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Zaha Hadid (1950–2016)

Zaha Hadid, 2015. Photo: Mary McCartney.

LONG BEFORE GAINING WORLDWIDE RENOWN for the London Aquatics Centre she designed for the 2012 Olympics or her MAXXI Museum in Rome, which opened in 2009, Zaha Hadid was at the vanguard of architecture. She was celebrated from the very start of her career, with her student thesis, Malevich’s Tektonik, in 1976–77—a concept for a fourteen-story hotel on Hungerford Bridge across the Thames, in which her architectural language was already inspired by Suprematism—and then as a legendary professor at the Architectural Association in London. In her initial years of teaching, in the early 1980s, she inherited the renowned Diploma 9 studio from her teachers Elia Zenghelis and Rem Koolhaas, and she used it over the next six years to investigate and reinvigorate what she considered the unfinished project of modernism. Her earliest exhibitions of her own work at the school included projects such as 59 Eaton Place, the concept for a townhouse in Belgravia, London, that created distinctive vertical zones of striated space, and began to hint at the unique visual style she was developing. Her “Planetary Architecture Two,” in particular, which was presented as an exhibition and then as drawings within a folio series in 1983, already featured her characteristic visual language. Such a language resided in what a contemporary critic called “energetic spatial fluidity; in the fact that the space she creates stretches instantly toward the infinite, racing toward the sun, as it were, in a shameless celebration of the potential triumph of modern man; an unfashionable modernism which makes one think of early Niemeyer or of the flagrant audacity of Constant Nieuwenhuys’s New Babylon.” Indeed, as Hashim Sarkis would later point out, Hadid’s language was derived from the dynamic floating, overlapping planes and purist geometries of Suprematism but nevertheless “tends toward inscription, toward a kind of kufic calligraphy compounded out of transrational elements.” Such a reference to Arabic calligraphy spoke at once to her debt to Suprematism and her Iraqi heritage, bringing a cultural specificity to an early language of modernism.

“Planetary Architecture Two” would be followed by two pivotal projects: Hadid’s entry in the famous competition for the new Parc de La Villette Paris, in 1982–83, and her entry for the Peak Project, Hong Kong competition, also in 1982–83, a luxury leisure club of protruding horizontal layers and floating voids, perched on the hills of Hong Kong. The latter would be featured in the 1988 “Deconstructivist Architecture” exhibition at the Museum of Modern Art in New York. The youngest of the seven architects in the exhibition, she was also the only woman, and her inclusion (her work occupied one entire wall of the small exhibition) no doubt added to her growing fame. And it is perhaps both of these projects that would go on to define her characteristically calligraphic painting and drawing, an explosion of striated space composed of stacked and layered planes, a gravity-defying architecture that was theretofore unseen—indeed, unimagined. Iconic works such as her paintings for the Peak Project or the delicate colored pencil drawings for Parc de La Villette would explore a complex composition in which surfaces hover and interlock, building merges with landscape, and architecture melds with topography. Such visions would come to fruition in her earliest commission, that of the Vitra Fire Station in Weil am Rhein, which employed—now in built form—the jagged, dynamic lines of these earliest drawings. Other early buildings, such as the breathtakingly dynamic Phaeno Science Center in Wolfsburg (2005) or the Hoenheim-Nord Terminus and Car Park in Strasbourg, (2001), continued these radical explorations in a space of warped planes and tilted arcs—terms that Philip Johnson would use to describe the work in the deconstructivist show and still often used to characterize Hadid’s work.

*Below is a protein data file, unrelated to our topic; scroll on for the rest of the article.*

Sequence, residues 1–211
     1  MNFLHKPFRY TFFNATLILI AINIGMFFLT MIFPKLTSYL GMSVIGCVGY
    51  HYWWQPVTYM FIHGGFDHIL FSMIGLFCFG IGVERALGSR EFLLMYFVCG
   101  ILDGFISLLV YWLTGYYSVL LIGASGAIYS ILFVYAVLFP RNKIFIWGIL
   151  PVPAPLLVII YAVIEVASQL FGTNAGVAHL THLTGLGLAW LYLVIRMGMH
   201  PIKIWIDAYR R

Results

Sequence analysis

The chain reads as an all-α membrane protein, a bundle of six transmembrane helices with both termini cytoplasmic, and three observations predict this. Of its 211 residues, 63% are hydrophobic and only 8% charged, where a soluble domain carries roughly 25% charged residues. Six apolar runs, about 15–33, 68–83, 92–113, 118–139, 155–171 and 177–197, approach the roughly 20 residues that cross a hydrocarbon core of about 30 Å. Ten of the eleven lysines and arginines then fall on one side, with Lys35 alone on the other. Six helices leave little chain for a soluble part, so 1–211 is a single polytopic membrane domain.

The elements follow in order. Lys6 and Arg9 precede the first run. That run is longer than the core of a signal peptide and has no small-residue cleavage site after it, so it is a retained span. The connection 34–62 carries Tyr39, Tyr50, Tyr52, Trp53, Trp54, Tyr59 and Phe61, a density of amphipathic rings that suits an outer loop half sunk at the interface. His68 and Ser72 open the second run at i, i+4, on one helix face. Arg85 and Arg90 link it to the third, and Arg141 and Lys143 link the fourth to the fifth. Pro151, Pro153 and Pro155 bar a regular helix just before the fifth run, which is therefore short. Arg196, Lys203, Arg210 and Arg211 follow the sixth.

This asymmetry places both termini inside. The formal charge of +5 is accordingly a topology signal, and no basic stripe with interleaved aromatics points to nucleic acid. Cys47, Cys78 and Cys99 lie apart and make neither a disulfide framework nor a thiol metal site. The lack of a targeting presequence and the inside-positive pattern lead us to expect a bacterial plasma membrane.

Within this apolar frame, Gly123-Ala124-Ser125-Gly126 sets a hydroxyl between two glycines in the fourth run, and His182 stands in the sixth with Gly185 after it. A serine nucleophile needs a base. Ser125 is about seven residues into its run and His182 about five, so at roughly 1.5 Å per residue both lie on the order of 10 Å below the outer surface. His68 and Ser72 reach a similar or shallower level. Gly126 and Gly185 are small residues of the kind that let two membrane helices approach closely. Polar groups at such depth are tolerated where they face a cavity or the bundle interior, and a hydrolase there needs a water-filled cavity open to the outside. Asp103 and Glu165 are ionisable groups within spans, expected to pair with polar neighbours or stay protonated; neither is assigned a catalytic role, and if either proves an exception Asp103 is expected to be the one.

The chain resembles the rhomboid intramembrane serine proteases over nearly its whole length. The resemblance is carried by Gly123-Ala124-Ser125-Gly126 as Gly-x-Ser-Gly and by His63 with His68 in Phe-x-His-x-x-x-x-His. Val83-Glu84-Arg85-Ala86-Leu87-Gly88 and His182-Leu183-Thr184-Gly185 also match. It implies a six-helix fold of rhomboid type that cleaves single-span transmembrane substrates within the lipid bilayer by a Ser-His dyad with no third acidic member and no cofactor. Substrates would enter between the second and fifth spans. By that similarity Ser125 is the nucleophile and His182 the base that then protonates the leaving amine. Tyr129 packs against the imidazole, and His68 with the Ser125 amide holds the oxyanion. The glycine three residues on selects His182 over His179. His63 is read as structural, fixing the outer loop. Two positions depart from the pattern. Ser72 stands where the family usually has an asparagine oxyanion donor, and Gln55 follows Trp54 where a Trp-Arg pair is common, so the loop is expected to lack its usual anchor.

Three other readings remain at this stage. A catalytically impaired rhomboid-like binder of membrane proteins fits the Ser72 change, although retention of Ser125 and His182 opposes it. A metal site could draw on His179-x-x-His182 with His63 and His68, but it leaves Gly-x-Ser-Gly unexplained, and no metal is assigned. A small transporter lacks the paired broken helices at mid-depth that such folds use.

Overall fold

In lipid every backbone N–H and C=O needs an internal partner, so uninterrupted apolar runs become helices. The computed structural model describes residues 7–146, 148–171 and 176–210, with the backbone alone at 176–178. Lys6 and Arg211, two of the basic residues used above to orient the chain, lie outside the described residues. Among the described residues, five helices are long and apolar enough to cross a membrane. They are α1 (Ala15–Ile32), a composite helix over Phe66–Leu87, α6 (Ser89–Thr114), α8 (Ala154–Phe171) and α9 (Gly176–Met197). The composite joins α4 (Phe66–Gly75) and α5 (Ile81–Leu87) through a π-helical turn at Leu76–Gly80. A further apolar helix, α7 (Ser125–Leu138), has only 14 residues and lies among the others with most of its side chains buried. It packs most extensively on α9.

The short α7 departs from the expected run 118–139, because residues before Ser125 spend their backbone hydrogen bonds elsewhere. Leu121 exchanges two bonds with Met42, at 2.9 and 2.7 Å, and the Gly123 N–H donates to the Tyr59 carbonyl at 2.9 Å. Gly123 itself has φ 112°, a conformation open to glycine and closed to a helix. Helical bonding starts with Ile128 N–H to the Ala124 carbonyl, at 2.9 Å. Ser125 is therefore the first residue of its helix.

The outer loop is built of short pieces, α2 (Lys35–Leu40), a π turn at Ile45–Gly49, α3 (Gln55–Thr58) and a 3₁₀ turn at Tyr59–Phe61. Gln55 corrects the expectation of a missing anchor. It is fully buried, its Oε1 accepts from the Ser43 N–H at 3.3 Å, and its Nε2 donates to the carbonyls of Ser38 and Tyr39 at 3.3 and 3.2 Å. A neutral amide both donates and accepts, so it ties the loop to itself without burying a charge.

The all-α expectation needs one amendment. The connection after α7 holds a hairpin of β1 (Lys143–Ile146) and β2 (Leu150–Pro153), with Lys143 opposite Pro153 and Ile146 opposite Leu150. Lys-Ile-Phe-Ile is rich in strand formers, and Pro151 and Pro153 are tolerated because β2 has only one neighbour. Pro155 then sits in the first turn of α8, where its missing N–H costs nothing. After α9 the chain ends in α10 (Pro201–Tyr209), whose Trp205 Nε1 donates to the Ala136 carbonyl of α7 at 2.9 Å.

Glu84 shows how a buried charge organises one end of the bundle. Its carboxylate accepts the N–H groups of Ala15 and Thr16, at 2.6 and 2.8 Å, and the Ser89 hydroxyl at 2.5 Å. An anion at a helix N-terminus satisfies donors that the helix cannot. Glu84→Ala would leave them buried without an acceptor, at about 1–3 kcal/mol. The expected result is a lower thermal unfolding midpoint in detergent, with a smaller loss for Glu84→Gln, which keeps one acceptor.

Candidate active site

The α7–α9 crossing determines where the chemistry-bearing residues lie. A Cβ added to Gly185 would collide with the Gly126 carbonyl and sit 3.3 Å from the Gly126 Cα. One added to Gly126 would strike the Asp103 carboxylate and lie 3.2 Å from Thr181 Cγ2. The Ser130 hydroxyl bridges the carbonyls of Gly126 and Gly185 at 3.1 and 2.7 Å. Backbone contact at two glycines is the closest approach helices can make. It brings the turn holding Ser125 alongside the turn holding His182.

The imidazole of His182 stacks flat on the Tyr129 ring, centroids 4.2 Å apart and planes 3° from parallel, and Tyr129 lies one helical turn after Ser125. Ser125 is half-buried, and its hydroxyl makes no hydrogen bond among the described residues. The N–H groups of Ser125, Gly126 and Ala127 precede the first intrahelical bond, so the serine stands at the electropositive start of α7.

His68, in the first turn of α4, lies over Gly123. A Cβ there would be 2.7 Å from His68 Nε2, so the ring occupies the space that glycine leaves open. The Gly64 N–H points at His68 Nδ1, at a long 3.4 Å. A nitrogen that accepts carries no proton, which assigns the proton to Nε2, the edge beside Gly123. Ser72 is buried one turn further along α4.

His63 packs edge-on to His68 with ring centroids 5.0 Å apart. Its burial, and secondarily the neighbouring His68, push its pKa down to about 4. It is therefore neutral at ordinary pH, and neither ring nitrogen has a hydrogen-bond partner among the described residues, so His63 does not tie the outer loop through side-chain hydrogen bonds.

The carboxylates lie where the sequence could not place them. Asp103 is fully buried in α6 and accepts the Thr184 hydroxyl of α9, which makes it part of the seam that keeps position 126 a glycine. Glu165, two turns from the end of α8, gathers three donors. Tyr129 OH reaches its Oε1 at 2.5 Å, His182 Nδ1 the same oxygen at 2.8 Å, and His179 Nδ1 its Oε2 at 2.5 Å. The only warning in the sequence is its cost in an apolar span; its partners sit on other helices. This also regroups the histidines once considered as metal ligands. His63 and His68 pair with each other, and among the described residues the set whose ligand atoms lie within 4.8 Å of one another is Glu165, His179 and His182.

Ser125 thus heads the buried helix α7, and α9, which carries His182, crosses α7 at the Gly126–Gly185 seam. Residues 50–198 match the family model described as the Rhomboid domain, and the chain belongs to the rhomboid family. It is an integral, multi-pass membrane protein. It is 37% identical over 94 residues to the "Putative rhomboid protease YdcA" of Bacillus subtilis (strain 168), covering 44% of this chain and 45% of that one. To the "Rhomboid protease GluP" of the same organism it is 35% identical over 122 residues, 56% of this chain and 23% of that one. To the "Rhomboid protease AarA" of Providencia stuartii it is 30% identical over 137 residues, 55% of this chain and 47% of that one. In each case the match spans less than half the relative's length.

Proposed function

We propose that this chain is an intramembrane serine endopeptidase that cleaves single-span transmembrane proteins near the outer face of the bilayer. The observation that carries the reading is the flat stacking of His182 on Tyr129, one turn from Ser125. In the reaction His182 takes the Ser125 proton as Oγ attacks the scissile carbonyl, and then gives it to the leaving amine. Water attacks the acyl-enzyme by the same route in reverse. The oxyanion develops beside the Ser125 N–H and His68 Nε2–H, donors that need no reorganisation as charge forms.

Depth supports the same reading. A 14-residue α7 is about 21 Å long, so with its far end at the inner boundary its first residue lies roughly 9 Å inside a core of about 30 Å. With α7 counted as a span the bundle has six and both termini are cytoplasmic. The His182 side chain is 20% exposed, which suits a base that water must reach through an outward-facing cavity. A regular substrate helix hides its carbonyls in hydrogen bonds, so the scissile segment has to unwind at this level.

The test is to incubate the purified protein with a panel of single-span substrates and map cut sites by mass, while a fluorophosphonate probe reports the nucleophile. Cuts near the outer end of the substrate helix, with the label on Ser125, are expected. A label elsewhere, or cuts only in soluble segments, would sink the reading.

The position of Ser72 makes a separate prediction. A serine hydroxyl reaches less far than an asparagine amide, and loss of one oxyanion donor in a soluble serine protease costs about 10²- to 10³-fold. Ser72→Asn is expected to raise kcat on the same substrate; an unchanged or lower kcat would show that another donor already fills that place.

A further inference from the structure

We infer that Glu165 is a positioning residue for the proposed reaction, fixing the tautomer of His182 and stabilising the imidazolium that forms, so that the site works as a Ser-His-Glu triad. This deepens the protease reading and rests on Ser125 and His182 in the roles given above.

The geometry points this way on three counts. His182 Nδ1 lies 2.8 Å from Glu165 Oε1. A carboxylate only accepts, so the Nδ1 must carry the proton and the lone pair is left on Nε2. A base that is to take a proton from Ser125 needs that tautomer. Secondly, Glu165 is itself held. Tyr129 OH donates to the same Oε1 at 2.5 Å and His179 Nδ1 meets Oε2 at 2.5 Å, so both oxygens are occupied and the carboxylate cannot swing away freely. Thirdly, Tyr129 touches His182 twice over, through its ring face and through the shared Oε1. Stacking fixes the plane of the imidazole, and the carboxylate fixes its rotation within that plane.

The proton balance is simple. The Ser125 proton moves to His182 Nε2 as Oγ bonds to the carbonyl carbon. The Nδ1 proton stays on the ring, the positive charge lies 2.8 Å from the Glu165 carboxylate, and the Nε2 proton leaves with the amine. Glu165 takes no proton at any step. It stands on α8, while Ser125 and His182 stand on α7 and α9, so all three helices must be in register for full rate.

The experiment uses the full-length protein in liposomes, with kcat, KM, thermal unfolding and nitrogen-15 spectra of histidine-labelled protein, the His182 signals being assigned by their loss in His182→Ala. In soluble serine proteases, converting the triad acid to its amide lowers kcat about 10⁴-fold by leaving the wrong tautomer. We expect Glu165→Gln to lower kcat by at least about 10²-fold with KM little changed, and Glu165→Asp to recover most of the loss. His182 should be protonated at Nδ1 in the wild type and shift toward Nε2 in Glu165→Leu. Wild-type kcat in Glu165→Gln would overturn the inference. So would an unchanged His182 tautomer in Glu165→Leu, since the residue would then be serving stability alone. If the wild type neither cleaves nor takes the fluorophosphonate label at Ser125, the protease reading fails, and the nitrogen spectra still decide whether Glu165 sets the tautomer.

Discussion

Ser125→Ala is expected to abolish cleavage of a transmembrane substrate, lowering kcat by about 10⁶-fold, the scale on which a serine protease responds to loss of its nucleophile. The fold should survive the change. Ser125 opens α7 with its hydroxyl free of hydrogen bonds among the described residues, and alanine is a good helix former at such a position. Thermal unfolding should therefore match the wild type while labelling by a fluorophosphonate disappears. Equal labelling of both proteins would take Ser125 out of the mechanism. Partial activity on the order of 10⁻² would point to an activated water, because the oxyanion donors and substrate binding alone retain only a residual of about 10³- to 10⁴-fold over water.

From there her work would continue to develop: It would shift or, better, expand into an unprecedented fluidity of soaring structures and infinite space. This evolution was enabled by the integration of digital design technology into her studio, and her immersion in parametricism, the term for which was coined by her partner Patrik Schumacher to describe the kind of computer-generated forms that would come to define many of her later projects. Buildings such as the Serpentine Sackler Gallery, London, the Rosenthal Center in Cincinnati, and such projects as the Guangzhou Opera House in Guangzhou, China; the Abu Dhabi Performing Arts Center; the BMW Central Building; or the unrealized Opera House in Cardiff, combined with her pioneering furniture design, evidence a fully mature work in which her early visions were now realized through the latest technologies and where her studio was producing buildings at an international scale. Her success was justly recognized with the Pritzker Prize for architecture in 2004 and the RIBA Gold Medal in 2016. Yet all this was only a beginning; as she herself put it, she believed that the modern project is not only unfinished but “has hardly even begun.” At the young age of sixty-five she leaves behind a legacy that still probes the depths of our imaginations. Her earliest works were full of vision, of hope, of possibility for a future in which an architecture envisioned through the space of painting and drawing would express a better if not quite utopian world. That Hadid would begin to realize such a vision in built form is a testament to her unfathomable talent and a staunch belief in the power of architecture.

Tina Di Carlo, a former curator at the Museum of Modern Art, is a Ph.D. fellow at the Oslo School of Architecture.

For additional coverage of Zaha Hadid, please see our upcoming Summer print issue.

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